Additionally, each week in EfM someone leads a worship portion of the program. One of the most formative experiences of this worship came in my third year when Pres Manning shared a book, “A Doorway in Time” by Herbert O’Driscoll. This book was about Herb (who became a friend of mine), who grew up as an Anglican in Cork, Ireland. This experience introduced a stream of Celtic spirituality that has influenced me ever since. Eventually, I was able to invite Herb to St. John’s to speak to the parish and was able to take two pilgrimages with him. This started my love for Celtic spirituality and led to my growth and love for the Celtic authors and spiritual leaders.

Another piece of my faith development has been the sense of community and communal prayer that EfM nurtures. This is a safe place to question, doubt, and reaffirm beliefs; it is not just a private journey, but a journey with others who are safe and act as a sounding board. The confidentiality of the community makes it a safe place for people to both doubt and to grow. It is the place where I realized the difference between vocation and profession. My life was given to me as a gift to serve others, and EfM helped me discern this. I am a teacher by way of profession; EfM helped me realize that teaching is also my vocation. I am blessed that my profession and vocation have been one and the same; teaching is an integral part of who I am. Over time I have come to ascribe to St. Francis’ teaching, not to use words unless necessary, but rather let my life as a follower of The Way be the example.

I know that EfM has changed my entire life through all the things I have been sharing here today. It has shifted my life’s focus to being God centered, and not me centered.

What would you say are the greatest gifts of the EfM experience?

Definitely community, a faith community; the power of prayer; being aware of the presence of God within community; friendships, lasting friendships that go way beyond the 4 years of the program. The friendship grows with each class and person that comes to be a part of EfM. Another gift is that EfM is a place to explore and discover your vocation (everyone has a ministry, not just the ordained. It may be as a mother, or the driver of a homebound parishioner, or whatever your day requires; it is a response to our baptismal covenant).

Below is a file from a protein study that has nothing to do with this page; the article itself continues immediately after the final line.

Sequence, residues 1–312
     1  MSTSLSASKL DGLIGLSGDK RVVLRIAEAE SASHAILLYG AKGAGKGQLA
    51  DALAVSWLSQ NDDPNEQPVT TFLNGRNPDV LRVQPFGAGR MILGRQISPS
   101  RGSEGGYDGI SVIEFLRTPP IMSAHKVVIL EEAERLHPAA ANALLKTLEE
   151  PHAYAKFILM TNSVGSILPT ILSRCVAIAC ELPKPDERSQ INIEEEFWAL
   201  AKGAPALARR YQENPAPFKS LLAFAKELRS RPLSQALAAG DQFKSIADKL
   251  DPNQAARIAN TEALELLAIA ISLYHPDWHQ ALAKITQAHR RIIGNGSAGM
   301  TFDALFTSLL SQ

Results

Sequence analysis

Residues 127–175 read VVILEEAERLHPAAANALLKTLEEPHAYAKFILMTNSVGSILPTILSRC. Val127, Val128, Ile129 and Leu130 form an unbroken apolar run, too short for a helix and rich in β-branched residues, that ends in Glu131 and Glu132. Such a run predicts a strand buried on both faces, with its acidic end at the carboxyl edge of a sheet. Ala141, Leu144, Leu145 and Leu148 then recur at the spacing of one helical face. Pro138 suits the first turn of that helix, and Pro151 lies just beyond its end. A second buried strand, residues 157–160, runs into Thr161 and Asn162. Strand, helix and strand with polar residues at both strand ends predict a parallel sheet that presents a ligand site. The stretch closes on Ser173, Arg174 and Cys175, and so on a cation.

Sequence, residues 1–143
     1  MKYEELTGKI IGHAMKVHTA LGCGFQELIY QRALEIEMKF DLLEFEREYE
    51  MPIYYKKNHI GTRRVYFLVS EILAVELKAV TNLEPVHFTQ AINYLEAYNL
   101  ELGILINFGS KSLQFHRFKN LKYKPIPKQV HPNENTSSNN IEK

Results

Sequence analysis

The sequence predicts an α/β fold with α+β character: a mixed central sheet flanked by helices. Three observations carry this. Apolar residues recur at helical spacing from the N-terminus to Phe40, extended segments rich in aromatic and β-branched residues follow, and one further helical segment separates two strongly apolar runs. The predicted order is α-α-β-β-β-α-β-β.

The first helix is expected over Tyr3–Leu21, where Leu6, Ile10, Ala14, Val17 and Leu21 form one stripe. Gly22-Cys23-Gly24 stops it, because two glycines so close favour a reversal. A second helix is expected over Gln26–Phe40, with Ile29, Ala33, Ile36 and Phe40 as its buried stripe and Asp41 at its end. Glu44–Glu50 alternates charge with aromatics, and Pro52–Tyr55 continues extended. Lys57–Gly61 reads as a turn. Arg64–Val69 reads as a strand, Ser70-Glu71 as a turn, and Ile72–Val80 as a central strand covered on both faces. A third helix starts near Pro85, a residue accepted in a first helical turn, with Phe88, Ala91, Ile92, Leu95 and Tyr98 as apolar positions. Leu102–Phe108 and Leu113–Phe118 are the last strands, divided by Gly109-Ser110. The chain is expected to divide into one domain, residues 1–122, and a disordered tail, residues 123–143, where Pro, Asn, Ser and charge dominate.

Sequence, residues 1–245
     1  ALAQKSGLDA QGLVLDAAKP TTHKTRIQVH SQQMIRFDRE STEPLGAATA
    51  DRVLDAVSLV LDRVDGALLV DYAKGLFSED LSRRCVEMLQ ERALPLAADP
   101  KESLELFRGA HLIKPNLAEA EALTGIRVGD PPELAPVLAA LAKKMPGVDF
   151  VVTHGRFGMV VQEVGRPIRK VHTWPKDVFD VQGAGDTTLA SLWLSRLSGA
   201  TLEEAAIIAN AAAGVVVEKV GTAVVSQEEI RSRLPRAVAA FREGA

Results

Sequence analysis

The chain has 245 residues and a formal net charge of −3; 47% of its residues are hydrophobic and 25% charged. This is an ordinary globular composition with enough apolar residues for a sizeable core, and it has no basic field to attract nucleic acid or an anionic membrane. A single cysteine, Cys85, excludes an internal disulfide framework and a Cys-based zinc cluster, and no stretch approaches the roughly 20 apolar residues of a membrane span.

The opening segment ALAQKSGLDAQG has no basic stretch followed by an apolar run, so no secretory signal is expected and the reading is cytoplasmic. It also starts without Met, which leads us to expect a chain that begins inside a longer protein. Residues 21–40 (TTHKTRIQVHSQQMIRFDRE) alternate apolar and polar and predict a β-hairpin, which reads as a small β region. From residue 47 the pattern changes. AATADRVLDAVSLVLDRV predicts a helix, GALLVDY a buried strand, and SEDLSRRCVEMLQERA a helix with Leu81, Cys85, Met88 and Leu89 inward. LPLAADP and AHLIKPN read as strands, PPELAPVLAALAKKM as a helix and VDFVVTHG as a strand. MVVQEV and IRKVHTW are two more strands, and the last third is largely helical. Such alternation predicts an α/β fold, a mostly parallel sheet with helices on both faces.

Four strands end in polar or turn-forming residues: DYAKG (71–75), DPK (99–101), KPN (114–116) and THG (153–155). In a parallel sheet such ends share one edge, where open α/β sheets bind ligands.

What chapter of ministry are you discerning in your life now that you are retiring from EfM mentoring?

I really feel I am being called to work on the parish Sunday school curriculum and I feel called with what energy I have to continuing the work of Sacred Ground, Becoming Beloved Community, and The Way of Love: Joining God in the Neighborhood. I would like to move into deeper connections with the community based on what I have studied in the Sacred Ground curriculum. I would like to have relationships which expand the conversation beyond our parish community to include people of other backgrounds and life experiences.

I am interested in learning more about the Native American spiritual traditions. The connections with the earth, and the spirituality of all things. The beauty of the earth has spiritual value more than we appreciate. I find this to be true in Celtic spirituality and now in exploring Native American spiritual traditions.

What parting gift or advice would you give to future students of EfM?

Embrace the community; embrace your questions; embrace your doubts; see the shaking of your foundations as a gift. Some people go through a “dark night of the soul,” but it is worth it.

To learn more about Education for Ministry, visit their website or contact Marty Siebken (through the church office).

We will be celebrating Carole’s 33 years of EfM ministry on Sunday, June 12.  Please join us for worship that day at 10:00 a.m. followed by a festive reception. 

Learn more about EfM

Contact St. John's for more information